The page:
silencedogood
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silencedogood

Yahwelcome! I agree with you on the tech, I just don’t see it as necessary or unattainable. That don’t mean I don’t think it’s great if we can afford it, and we can.

Denis Pitcher
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I’m not suggesting it’s the be all and end all solution to our education problems, but I think it could serve as part of the puzzle.
That along with regular standardized testing across the board for both students and teachers, internet based tutors and programs focused around technology including laptops for every child. Some of which could be introduced as a trial alongside the proposed changes of the education review.

gladtobehere
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gladtobehere

Ah, but your math is very misleading. First the United States budget is 100 billion dollars less to start with; factor out major costs Bermuda can’t even fathom such as 550 billion for defense or a space program or billions to aid other nations, and the statistical spend is much more like $7,500 per person, including some 20,000,000 illegal immigrants. Much less than half the amount supposedly spent per person by Bermuda.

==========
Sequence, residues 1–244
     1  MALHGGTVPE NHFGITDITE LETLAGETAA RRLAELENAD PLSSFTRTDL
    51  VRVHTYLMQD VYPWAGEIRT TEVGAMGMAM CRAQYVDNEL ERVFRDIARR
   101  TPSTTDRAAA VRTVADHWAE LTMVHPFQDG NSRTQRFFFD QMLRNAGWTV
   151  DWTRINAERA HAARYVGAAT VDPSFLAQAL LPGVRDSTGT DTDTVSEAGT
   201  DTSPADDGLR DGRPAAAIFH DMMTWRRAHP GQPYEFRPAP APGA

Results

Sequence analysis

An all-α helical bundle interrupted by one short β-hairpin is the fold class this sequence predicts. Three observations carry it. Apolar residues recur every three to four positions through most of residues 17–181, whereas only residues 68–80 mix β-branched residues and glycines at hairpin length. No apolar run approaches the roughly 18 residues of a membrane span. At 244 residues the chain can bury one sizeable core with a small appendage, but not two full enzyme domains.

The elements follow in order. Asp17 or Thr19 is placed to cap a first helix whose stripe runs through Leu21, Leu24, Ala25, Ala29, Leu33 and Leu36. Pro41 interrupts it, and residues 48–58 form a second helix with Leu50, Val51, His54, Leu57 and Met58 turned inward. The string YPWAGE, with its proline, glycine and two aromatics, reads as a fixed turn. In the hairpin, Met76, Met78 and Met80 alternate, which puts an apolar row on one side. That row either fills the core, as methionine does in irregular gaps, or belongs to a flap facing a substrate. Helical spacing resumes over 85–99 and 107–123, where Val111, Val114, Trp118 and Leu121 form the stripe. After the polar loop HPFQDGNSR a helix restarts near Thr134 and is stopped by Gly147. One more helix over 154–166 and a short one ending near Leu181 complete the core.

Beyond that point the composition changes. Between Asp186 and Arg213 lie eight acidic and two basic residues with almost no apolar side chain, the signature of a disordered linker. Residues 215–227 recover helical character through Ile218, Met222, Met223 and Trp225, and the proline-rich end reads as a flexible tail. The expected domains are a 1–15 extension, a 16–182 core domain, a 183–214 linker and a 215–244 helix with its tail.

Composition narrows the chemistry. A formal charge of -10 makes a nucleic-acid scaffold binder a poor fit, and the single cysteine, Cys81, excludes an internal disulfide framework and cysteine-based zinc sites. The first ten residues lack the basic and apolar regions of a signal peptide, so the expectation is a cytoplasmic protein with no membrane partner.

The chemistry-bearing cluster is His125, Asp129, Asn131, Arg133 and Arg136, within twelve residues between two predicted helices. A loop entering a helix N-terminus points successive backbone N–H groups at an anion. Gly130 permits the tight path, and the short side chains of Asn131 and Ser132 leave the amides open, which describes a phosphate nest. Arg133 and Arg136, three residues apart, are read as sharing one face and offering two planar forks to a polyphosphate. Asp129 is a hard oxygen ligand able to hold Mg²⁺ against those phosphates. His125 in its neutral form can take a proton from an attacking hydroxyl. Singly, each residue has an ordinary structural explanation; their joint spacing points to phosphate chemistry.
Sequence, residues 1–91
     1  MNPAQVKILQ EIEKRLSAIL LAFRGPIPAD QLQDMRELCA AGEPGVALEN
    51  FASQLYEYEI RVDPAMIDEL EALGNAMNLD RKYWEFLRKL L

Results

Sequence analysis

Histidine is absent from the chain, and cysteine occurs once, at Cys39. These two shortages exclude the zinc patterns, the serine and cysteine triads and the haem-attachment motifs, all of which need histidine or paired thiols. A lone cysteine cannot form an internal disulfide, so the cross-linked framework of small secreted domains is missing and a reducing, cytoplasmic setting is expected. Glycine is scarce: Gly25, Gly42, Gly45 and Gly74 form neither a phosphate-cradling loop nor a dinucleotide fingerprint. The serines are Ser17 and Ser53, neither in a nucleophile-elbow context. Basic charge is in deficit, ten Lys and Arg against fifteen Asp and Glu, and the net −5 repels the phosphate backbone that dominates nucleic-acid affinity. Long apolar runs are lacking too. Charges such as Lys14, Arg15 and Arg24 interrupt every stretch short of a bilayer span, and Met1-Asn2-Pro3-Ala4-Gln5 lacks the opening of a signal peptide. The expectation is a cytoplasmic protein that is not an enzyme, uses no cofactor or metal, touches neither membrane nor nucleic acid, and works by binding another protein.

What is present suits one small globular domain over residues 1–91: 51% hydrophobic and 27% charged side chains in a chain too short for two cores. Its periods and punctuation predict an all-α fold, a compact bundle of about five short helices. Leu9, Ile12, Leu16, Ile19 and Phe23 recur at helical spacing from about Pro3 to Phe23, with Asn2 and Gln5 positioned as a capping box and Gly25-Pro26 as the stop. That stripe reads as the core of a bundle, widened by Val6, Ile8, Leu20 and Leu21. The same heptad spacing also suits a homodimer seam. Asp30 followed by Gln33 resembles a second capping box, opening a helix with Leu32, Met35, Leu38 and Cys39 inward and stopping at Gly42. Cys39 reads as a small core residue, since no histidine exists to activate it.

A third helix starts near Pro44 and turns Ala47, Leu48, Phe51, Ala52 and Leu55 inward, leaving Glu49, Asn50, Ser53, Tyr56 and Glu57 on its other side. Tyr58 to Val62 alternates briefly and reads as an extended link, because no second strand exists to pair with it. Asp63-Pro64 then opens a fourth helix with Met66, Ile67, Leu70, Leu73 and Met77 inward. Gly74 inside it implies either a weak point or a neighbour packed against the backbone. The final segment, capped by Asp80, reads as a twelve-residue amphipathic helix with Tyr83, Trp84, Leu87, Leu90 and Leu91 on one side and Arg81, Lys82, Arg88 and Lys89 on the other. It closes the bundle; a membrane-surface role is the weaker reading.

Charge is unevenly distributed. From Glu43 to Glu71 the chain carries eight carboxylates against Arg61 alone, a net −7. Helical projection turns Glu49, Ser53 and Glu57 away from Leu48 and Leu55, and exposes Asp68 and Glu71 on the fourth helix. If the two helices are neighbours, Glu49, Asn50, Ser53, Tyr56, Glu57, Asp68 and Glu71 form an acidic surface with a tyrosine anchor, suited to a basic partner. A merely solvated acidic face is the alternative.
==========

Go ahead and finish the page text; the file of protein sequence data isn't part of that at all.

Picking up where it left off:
With those numbers in mind, it seems the situation there is far worse then even you want to admit Mr. Pitcher. Where does the money go?

Denis Pitcher
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Thanks to the new budget format (http://www.denispitcher.com/2007/02/wheres_the_beef.html), those questions are even harder to answer.

S Brown
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As someone who works in the IT dept of a school that equipts all its students with laptops, I have mixed feelings about the policy. I agree, we should prepare our students with technology that will make them more competitive in the global job market. It is very idealistic. But the reality of it is that most of these kids use it for msn and downloading music (when they are home, they do not have access to it in school). And you would not believe the amount of cracked screens and damage these kids inflict on the laptops.. I can… Read more »

silencedogood
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silencedogood

True, that’s a danger but probably a manageable one. I’d say the kid gets one laptop for the whole term of their education. If it gets damaged or destroyed they don’t get a new one, they get detention, and have to work off the price (no payouts from mom and dad), and no using private laptops at school. I’d make them sign a contract every year to this effect–not enforceable at all, but psychologically the child would have to commit to these responsibilities and lets everyone know what’s expected of them. I wouldn’t let it go home with them until… Read more »

hockey fights
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This seems like the most comprehensive blog on this niche